From Henry V to Hamlet, Kenneth Branagh’s career has frequently intersected with the work of William Shakespeare. Now Branagh finally portrays The Bard himself in this slightly flawed and often speculative study of Shakespeare’s final years.
Having worked so long and hard as an actor and director to make Shakespeare’s canon accessible to contemporary audiences, there’s little doubt that Branagh is well-suited to play ‘Will’ – even if he has to don a wig and fake nose to do it.
Shakespeare isn’t the only familiar company Branagh finds himself in, having recruited his old mate Ben Elton to pen the script. Elton, who has also toiled on another recent Shakespeare biographical work in the David Mitchell-starring TV comedy Upstart Crow, mainly resists easy or smutty humour and makes his familiar wordplay sound just enough like Shakespearean wordplay.
In 1613 Will’s Globe Theatre in London burns down during a performance of Henry VIII (or The Famous Hiftory [sic] Of The Life Of King Henry Eight), and we open with a meaningful shot of Will standing silhouetted by the flames. Silently aware that his time might be running out, he returns home to Stratford-upon-Avon and the family that he’s long-neglected while away for years being a famous luvvie playwright.
Judi Dench appears as his alienated wife Anne Hathaway (not the Oscar-winning movie star!), and yes, she’s older than Anne ever was and the age gap between her and Ken is obvious, but they’re old chums too and, really, who else could have portrayed her? Lydia Wilson is also good as his adult daughter Susanna, who’s stuck in a rigid, passionless puritan marriage, while Kathryn Wilder has the harder role as his other daughter, the 28 year old ‘spinster’ Judith, who has long, uncomfortably angry scenes where she berates her father for his absence in language that might, at times, sound a little too modern.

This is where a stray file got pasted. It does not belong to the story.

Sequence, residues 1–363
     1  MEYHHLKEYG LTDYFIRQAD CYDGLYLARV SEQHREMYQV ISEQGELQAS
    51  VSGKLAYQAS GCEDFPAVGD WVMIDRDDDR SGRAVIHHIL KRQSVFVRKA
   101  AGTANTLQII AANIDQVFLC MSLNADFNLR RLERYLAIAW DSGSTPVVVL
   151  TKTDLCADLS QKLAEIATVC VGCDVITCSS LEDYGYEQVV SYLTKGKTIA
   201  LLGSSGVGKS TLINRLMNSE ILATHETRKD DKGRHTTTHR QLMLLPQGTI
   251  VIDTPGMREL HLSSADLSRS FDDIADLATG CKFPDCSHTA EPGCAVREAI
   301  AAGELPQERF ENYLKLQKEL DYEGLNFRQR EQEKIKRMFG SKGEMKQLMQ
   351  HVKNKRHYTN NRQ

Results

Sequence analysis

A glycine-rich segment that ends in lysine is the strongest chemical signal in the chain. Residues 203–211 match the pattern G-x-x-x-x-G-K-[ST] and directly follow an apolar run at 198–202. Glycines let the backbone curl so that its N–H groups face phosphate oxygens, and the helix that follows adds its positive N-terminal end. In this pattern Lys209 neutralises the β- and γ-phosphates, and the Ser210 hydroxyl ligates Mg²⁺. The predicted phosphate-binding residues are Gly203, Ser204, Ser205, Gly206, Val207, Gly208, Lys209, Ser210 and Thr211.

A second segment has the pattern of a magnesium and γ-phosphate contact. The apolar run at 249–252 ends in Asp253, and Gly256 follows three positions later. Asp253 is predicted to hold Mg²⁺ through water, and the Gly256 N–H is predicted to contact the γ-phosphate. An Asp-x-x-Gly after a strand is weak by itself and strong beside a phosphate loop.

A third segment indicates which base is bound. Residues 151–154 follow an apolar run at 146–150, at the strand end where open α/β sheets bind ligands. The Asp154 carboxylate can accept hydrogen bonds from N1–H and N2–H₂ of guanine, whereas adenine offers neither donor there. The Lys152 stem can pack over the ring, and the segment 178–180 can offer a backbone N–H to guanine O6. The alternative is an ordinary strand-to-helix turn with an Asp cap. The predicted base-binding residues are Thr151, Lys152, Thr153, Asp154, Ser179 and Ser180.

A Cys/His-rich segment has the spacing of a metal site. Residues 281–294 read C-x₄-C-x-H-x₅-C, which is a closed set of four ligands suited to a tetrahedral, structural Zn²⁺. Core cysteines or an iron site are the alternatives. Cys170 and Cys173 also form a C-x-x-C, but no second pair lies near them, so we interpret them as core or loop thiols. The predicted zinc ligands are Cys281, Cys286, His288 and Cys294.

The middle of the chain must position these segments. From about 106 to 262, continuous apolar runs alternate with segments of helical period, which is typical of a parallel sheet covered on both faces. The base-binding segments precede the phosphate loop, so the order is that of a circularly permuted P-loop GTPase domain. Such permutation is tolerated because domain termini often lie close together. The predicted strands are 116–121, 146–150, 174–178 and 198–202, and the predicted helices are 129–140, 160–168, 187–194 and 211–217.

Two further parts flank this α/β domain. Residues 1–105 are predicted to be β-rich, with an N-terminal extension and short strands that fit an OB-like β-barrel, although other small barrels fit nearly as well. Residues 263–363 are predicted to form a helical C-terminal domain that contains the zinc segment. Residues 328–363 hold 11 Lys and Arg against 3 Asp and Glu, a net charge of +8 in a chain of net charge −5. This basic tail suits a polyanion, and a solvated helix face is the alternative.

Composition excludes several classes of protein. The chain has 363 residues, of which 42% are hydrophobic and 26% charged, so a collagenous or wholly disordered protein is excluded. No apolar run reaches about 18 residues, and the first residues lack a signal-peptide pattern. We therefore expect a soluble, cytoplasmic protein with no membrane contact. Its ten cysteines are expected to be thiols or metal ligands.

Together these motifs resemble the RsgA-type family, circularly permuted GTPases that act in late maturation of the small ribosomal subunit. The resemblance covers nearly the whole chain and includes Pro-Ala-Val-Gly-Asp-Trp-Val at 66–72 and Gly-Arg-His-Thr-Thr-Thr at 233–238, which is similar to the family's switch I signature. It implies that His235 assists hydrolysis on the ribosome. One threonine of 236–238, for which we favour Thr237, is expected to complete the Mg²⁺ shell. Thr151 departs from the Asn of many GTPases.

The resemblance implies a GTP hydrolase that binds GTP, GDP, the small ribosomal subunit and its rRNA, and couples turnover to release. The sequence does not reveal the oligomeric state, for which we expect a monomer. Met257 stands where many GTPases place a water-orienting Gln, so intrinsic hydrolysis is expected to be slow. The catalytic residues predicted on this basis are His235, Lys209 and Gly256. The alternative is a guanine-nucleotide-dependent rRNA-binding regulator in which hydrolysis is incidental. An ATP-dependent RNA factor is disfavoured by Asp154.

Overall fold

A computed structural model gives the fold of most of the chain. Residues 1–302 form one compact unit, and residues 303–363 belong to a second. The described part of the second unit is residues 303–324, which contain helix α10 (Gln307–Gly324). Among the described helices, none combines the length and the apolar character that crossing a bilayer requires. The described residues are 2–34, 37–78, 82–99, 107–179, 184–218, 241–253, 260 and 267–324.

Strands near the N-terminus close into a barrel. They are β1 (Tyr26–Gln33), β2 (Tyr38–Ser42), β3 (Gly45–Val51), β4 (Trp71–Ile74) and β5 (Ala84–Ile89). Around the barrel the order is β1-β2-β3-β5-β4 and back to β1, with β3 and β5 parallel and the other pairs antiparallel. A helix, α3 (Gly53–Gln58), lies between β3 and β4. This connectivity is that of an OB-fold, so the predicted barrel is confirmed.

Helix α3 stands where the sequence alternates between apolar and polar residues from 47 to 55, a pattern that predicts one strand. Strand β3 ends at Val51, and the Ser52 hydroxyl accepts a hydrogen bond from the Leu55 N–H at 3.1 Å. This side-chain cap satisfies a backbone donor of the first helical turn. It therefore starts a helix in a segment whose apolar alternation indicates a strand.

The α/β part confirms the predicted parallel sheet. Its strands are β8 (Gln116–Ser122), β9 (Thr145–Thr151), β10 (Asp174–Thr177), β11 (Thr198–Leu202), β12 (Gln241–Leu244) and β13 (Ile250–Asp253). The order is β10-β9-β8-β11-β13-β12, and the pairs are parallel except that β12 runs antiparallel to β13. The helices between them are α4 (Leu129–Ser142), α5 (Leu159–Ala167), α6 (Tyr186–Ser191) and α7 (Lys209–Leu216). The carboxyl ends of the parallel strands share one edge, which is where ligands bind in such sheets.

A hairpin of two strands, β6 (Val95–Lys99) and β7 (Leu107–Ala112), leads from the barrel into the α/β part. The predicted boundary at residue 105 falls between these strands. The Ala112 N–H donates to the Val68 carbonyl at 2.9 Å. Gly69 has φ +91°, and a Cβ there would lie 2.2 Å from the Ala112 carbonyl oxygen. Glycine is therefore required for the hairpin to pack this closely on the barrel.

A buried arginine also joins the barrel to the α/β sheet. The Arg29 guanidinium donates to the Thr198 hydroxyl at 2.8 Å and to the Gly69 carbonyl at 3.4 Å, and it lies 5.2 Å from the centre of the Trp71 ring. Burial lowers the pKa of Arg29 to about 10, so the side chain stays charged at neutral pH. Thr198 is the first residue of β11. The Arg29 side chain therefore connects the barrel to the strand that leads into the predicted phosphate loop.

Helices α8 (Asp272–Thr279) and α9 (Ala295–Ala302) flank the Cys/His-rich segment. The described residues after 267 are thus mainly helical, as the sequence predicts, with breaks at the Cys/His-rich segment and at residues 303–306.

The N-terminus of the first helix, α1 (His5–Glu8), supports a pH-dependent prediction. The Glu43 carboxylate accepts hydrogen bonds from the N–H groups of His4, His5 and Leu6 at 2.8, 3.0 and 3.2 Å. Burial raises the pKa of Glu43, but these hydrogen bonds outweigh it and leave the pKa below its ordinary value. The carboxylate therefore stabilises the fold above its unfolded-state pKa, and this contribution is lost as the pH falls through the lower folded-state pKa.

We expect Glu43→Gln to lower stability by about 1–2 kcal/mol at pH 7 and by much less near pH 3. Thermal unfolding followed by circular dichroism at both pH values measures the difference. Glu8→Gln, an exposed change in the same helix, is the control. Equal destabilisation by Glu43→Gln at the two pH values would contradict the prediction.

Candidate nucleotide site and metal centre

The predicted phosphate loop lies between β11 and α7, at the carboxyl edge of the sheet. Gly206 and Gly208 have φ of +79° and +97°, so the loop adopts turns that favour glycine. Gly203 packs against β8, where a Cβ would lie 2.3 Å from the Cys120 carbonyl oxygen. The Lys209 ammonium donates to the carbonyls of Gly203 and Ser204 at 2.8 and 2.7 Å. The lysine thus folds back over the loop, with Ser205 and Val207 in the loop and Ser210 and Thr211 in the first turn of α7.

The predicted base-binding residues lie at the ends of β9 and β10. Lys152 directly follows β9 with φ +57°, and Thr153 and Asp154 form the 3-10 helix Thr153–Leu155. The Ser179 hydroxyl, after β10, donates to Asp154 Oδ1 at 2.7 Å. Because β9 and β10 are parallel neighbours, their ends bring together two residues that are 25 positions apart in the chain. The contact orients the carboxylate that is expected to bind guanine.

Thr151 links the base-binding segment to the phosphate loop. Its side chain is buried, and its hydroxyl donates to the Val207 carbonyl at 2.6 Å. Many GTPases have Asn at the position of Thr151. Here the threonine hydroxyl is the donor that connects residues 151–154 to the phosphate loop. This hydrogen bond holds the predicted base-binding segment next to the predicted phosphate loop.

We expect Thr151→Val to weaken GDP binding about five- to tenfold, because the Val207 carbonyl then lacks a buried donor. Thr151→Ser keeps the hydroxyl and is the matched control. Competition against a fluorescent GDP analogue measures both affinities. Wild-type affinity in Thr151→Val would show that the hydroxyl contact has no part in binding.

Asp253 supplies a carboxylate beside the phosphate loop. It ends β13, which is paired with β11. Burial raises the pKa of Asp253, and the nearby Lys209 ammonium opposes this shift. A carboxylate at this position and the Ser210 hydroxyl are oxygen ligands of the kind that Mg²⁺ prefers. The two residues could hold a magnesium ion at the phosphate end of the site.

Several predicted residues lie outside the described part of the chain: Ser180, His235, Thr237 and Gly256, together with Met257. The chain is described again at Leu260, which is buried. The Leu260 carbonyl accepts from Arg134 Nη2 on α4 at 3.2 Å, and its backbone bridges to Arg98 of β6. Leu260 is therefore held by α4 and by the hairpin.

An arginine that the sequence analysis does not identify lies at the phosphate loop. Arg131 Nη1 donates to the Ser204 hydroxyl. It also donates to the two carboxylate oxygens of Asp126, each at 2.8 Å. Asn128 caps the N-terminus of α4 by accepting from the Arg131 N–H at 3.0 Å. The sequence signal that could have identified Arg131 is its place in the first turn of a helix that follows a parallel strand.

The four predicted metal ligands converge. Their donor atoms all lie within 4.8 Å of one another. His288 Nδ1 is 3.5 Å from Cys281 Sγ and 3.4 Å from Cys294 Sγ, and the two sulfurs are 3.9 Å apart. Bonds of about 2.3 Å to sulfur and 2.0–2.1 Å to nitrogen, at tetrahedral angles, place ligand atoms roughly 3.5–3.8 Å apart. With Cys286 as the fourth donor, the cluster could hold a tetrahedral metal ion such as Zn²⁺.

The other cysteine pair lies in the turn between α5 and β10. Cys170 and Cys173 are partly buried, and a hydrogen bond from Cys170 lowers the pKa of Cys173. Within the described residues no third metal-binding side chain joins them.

Will, however, is often dismissive of all three of these women and seems quite the sexist (despite his status these days as a proto-feminist) as he continually agonises over the tragic death years before of his 11 year old son Hamnet (Judith’s twin). And Elton and Branagh make it abundantly clear that Will left and remained long-absent so as not to deal with his terrible grief, and that he really should be devoting his possibly last days to family members who are actually alive.
With an extended cameo by Ian McKellen as the somewhat camp Earl of Southampton (a Will fan who nevertheless accuses him of living “a small life”), some gorgeous candlelight cinematography somewhat reminiscent of Stanley Kubrick’s Barry Lyndon and references, of course, to Hamlet, The Merry Wives Of Windsor, Macbeth (sorry!) and more, this has plenty to enjoy, even if so much of it is supposition and theory.
All Is True (M) is in cinemas now